The 8 Most F@%ed Up Episodes of The Maxx


?In the ’90s, MTV was airing a handful of racy, gritty, often gut-busting cartoons, and while Beavis and Butthead ruled, shows like MTV Oddities were totally absurd. But awesome, to say the least. The Maxx, one part of the Oddities, became an animated series, or a 13-episode acid trip.

Indeed, it’s a weird show – like its brainy half, The Head – and MTV gets points for following the first dozen issues of the comic. Reflecting all the crazy-ass artwork and dialogue by Sam Keith and Bill Messner-Loebs, the series revolves around the hulking Maxx, freelance social worker Julie Winters, and Mr. Gone, a man equal parts serial killer, rapist and omniscient intellectual. Sadly, the series had a short run, but it offered a subconscious superhero roaming Pangaea and smashing noisy homunculi, among other weirdness. Get ready – these eight episodes are far from sobering.

8) Episode 2

This episode opens with Maxx giving us a National Geographic-worthy lesson on the Outback’s creatures, such as the Gbh’tyt slug, the Crabbit and the Isz, the latter of which perpetually gnaws on Maxx. It’s educational, but not as entertaining as the next scene, in which Julie complains about the crooked city and Maxx’s Pangaea psychobabble: “If I was a purple homeless guy, I guess I’d reduce my social worker to a bikini-clad jungle bimbo who needs my help, too.” The camera pans across apartment windows, showing how denizens resemble Pangaea creatures, such as a subdued mammoth (fat guy). It’s an interesting device, as it begins to establish the world in which The Maxx and Julie struggle – or, in other words, how their world makes no goddamn sense at all.

After leaving Julie’s place, Maxx chases down a suspicious Isz, encountering the mystic artist Mr. Gone on the roof of a gas station, and realizing that the white Isz turn evil(er) when they cross into reality. Mr. Gone, annoyed, says, “Too bad. I really hate killing amnesiacs.” The weirdness is just getting started, friends.
Notable line: “I feel really existential today. Like Darby O’Gill and the Little People or somethin.'” – Glorie, teenager

7) Episode 3

As the story from Episode 2 continues, Maxx and Mr. Gone fight at the gas station. This time we’re in the head of the teenager Jimmy, who’s worried about his Gone-mangled friend Glorie, and unfazed by the six identical grandmas (Isz) in the nearby station wagon. (Like most supporting characters, he’s OK with surrealism.) Mr. Gone and The Maxx eventually crash through the roof of the station, and when Mr. Gone grabs “a girl” from Jimmy’s car, Maxx smashes her head in. This reveals the superhero’s darker side, or stupidity, if you consider that he didn’t know the hostage was a CPR dummy.

Julie, meanwhile, is captured by Isz and locked up in Gone’s hideout, the Bulldog Jar Rubber Factory. This is where Episode 3 takes a witty turn. Gone tries to terrify Julie as she sits in a shadowy room. But even though she is tied up and dressed in a bunny suit, she snips his proverbial balls: “Oh, please, let me guess. I’m supposed to be dressed as every cheerleader and prom queen who ever turned you down for a date, and when I beg and whimper, you finally achieve some tawdry sexual revenge.” And then she beheads him with an Isz tooth, while her subconscious self beheads a doll.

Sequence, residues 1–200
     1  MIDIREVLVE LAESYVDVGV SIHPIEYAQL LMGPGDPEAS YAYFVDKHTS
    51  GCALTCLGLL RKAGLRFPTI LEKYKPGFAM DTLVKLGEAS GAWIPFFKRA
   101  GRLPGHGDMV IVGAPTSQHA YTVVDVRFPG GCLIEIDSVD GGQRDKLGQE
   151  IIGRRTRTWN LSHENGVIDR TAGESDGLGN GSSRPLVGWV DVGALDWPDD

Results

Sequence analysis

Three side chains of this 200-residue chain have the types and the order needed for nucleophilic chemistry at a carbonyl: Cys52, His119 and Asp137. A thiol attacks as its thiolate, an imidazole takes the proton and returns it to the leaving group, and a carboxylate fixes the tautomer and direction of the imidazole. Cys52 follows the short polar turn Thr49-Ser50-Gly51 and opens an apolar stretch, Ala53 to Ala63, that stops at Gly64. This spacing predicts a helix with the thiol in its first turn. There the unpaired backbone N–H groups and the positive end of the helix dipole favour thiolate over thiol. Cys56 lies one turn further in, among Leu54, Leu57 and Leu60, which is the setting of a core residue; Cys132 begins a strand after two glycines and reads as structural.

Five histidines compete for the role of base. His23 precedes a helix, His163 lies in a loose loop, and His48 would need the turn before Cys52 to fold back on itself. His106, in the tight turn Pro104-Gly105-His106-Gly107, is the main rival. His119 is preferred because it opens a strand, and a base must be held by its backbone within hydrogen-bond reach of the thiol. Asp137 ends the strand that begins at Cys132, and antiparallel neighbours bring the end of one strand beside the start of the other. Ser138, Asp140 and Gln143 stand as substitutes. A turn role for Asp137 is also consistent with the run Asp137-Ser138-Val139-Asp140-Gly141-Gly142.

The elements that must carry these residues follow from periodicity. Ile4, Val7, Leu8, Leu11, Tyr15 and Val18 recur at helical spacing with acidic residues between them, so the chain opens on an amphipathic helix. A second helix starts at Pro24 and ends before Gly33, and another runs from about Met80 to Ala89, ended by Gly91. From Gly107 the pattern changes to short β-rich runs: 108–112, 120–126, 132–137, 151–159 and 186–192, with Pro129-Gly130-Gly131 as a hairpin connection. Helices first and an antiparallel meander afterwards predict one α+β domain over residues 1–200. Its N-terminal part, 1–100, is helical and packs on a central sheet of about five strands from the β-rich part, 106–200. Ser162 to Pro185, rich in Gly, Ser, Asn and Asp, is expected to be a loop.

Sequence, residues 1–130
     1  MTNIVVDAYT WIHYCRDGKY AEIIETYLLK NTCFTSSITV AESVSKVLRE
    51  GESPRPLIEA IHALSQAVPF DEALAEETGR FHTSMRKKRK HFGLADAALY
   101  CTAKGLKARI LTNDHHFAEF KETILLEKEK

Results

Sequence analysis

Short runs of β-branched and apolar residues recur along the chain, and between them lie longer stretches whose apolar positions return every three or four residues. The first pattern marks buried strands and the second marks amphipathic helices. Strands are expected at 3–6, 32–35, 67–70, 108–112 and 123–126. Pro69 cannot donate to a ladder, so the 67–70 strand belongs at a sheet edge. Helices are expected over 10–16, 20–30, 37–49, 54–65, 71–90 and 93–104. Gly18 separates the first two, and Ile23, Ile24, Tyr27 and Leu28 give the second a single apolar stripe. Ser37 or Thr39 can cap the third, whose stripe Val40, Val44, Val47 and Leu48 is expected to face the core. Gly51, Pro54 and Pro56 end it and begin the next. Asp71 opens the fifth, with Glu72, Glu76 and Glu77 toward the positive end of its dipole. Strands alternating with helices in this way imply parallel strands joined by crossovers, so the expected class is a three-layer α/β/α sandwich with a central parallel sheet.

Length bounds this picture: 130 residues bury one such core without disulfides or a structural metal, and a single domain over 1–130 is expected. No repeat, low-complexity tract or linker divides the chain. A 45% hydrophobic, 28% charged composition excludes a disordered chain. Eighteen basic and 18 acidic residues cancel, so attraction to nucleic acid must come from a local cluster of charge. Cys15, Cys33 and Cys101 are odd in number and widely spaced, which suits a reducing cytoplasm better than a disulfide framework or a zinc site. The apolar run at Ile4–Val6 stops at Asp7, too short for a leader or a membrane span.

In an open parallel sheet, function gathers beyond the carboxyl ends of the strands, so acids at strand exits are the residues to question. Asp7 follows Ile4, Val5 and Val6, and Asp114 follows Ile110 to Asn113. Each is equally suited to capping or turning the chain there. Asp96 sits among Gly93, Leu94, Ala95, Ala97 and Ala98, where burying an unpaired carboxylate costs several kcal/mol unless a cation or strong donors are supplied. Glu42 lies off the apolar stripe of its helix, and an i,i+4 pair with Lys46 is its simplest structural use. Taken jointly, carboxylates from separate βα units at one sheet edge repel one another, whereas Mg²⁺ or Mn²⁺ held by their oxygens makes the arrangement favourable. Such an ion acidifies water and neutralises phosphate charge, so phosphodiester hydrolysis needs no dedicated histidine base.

Notable line: “I’m not the one who wears underwear outside her clothes.” – Mr. Gone

6) Episode 6

Like Episode 5, this one centers on the dour teenager Sarah, except it’s not a huge downer like the former. She runs into Maxx and Julie after going to the cinema for Indecent Proposal, a movie that fuels the purple superhero’s feministic sensibilities. “Not only did it semi-endorse prostitution, but did you catch the bit about the ditzy secretary reading Faludi’s book Backlash?”

Sarah, catching a ride from the two, considers suicide when Maxx slaughters a pair of car-jacking Isz disguised as spotted-underwear-wearing thugs. “Nothing makes sense. And if it does makes sense, then it’s all gotta stop,” she says, holding a gun. Surprisingly, she quickly accepts that things will get better, believing Maxx and Julie. Of course, a sociopath would do that. Of course.

Just like everything else in the animated series, Maxx’s origin isn’t quite clear. In part two of this episode, the neighborhood kids speculate his being. “Nah, I bet he’s an artificial being created in a secret government experiment … with plastic muscles and steel bones,” one says. Maxx, donned in bum attire, offers his version: A wayward Average Joe found a mask, put it on, and woke up in a place like the Outback.
Notable line: “Sometimes I think this whole growing-up business is just pain management.” – Maxx

5) Episode 8

Maxx rarely battles a genuine bad guy in this series. In this episode, though, he wrestles with the hammerhead shark Mako, crashing through the city. Mr. Gone, a stick figure of sorts here, breaks the fourth wall to narrate the brutal battle (“look at how tense and rendered the muscles are!”), overjoyed when Maxx unglues his claws at the “Just Cords” shop, where he pounds the shark into oblivion. In the comic version, Savage Dragon, rather than a generic hard-boiled detective, is looking for Mako.